Makes sense now, thanks for explaining. About the propagation delays: I hope a clock-level simulation of the circuits are enough, and these delays are only considered when they made those "interesting" circuits with lots of double negations (I guess most of them are just a delay chain).
Upd.: I revisited some pages, and I would be really interested in the I1 and I4 primitives function. They're 2 inverters after each other in many places. Are they used for some kind of amplification or the delay introduced by them is important?
Upd2.: How is it possible to view those WAV files?

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Re: RAM write wait states

Postby slingshot » Mon May 27, 2019 2:53 pm

Processing the ST4081S.PDF: seems it's some upgraded design to the original GST MCU. I found a new chip enable signal, which is not in the original one: KSND. It decodes to FFE8XX-FFEFXX. Is there any known peripheral in this address?

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Re: RAM write wait states

Postby czietz » Mon May 27, 2019 4:01 pm

KSND goes to pin 104 which is left unconnected in the STE/MegaSTE. Note that there is yet another unconnected/undocumented pin, pin 14, ROMP which -- iirc -- is decoded to 0xFE0000 - 0xFE1FFF.

From the existence of the GAMECART register (see my forum thread) we know that Atari implemented more features into GSTMCU than are actually used. I assume that they planned to put the GSTMCU into another machine, as well, and that KSND and ROMP would have been used there.

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Re: RAM write wait states

Postby slingshot » Sun Jul 14, 2019 3:54 pm

Finally I've managed to wire the GST MCU model into a real FPGA. However it doesn't work (well, not surprised...). I'm suspecting RAM access problems, but not sure what's the real issue (got several overlapping line of bombs). I've made a capture of a read cycle:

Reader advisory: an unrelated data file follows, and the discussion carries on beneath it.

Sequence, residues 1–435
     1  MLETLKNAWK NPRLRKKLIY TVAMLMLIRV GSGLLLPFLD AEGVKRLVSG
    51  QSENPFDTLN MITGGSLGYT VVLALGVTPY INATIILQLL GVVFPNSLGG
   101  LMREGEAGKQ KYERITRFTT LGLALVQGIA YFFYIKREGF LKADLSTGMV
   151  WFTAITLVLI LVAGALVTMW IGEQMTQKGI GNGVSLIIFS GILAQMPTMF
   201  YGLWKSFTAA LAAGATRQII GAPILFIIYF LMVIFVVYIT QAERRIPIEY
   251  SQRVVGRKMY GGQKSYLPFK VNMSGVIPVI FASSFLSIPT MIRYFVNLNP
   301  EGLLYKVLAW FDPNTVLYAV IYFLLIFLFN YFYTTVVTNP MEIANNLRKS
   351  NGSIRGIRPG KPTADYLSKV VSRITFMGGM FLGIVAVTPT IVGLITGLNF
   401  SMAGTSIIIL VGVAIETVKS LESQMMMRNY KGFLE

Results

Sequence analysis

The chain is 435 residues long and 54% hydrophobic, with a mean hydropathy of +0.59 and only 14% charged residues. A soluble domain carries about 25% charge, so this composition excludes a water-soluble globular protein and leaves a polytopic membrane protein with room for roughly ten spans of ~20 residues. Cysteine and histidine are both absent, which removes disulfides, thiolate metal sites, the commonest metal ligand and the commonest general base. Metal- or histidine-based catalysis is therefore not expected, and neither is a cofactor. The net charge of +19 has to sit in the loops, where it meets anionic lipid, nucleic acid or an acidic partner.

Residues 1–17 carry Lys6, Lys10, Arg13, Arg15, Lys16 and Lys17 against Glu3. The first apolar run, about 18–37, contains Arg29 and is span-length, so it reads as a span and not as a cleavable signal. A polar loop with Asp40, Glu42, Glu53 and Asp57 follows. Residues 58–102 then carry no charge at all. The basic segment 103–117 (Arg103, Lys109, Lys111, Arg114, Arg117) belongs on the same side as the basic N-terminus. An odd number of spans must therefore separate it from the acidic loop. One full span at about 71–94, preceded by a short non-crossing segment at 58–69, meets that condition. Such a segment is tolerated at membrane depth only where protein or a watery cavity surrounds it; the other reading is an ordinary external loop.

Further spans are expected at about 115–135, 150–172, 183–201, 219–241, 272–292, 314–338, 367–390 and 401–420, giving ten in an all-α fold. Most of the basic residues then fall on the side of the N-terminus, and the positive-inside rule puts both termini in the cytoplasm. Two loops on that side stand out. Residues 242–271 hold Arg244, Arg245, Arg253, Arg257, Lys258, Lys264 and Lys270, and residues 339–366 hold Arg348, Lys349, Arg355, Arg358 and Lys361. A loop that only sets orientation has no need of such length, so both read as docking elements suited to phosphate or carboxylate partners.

readcyc.png


1. AS activated at 0 (976)
2. DTACK_N asserted at the CPU RAM cycle, at +3 (not too early?)
3. RAS_N goes down at +4 (starting the SDRAM read cycle)
4. SDRAM returns the correct data (00FA) at +6
5. Read cycle ends at +10.

AFAIK the 68000 should latch the incoming data at the end of the read cycle (+10). However I've noticed the FX68K latches it several times during the cycle (before the correct data is latched at the end). Should it work like this? (in the previous - working - core, DTACK_N is not asserted until the incoming data is stable, that's a main difference I guess). However the data is read much faster than from a real DRAM here, so shouldn't be an issue.

Upd.: there were bugs at somewhere else, now ROM/RAM passes the STe diagnostic test cartdrige with original timings (at least if I translated the schematics to Verilog correctly).
http://gossuin.be/index.php/archives/2- ... t-atari-st
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ijor
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Re: RAM write wait states

Postby ijor » Wed Jul 17, 2019 2:00 am

slingshot wrote:2. DTACK_N asserted at the CPU RAM cycle, at +3 (not too early?)
(in the previous - working - core, DTACK_N is not asserted until the incoming data is stable, that's a main difference I guess).


Yes, MMU asserts DTACK before ram is actually ready, and that is the correct behavior. According to the 68K bus protocol specs, DTACK assertion doesn't (necessarily) means that data is already ready. It just means that it would be ready at the correct time. DTACK is not a latch enable signal, it is processed synchronously. The CPU latches data at S7, but DTACK is checked at S5. It is useful to log the machine state busControl:busPhase with SignalTap to visualize the phases.

AFAIK the 68000 should latch the incoming data at the end of the read cycle (+10). However I've noticed the FX68K latches it several times during the cycle (before the correct data is latched at the end). Should it work like this?


Yes, this is how the original CPU actually works. When the microcode signals a bus read operation, data is latched every cycle. But the data, of course, is ignored until the correct cycle. It was probably implemented like this to simplify the data input logic.
Fx Cast: Atari St cycle accurate fpga core

slingshot
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Re: RAM write wait states

Postby slingshot » Wed Jul 17, 2019 7:42 am

ijor wrote:Yes, this is how the original CPU actually works. When the microcode signals a bus read operation, data is latched every cycle. But the data, of course, is ignored until the correct cycle. It was probably implemented like this to simplify the data input logic.


Thanks for the clarification! Nice to see the internals of the 68000 in your core.